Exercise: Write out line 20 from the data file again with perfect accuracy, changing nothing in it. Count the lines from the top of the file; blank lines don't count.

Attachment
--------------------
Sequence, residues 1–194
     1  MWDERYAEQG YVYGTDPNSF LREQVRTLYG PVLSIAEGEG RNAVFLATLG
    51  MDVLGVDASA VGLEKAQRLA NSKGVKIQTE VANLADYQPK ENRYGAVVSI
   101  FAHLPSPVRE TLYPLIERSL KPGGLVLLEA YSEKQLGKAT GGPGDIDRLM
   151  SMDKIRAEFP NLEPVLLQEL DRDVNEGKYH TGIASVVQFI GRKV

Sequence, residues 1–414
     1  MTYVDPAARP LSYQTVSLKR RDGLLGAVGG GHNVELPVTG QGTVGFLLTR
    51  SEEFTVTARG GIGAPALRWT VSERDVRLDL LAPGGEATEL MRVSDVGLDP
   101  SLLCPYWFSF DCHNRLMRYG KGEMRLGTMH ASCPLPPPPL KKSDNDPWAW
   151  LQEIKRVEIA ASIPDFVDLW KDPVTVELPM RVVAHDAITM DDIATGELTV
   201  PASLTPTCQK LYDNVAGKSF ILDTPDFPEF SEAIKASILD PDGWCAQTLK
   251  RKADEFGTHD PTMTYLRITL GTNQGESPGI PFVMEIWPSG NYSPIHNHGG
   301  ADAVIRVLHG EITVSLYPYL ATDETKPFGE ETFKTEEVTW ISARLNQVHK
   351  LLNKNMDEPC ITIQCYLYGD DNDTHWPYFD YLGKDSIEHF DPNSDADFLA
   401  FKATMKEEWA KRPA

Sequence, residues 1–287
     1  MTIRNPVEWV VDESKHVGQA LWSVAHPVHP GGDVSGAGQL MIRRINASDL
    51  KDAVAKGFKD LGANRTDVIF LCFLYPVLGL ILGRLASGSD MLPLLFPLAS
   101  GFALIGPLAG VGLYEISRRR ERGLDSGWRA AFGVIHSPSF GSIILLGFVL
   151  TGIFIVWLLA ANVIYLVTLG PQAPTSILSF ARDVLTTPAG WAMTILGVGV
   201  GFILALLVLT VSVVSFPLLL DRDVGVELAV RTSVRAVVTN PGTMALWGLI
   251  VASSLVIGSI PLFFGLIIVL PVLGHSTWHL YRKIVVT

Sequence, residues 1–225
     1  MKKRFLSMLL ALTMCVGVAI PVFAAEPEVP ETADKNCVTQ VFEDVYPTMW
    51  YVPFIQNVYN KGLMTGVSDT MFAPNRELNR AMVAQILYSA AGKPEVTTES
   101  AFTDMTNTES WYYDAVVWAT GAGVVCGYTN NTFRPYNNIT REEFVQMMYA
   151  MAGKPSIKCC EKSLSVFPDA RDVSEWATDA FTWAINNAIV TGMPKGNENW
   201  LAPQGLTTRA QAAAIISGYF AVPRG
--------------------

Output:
   151  TGIFIVWLLA ANVIYLVTLG PQAPTSILSF ARDVLTTPAG WAMTILGVGV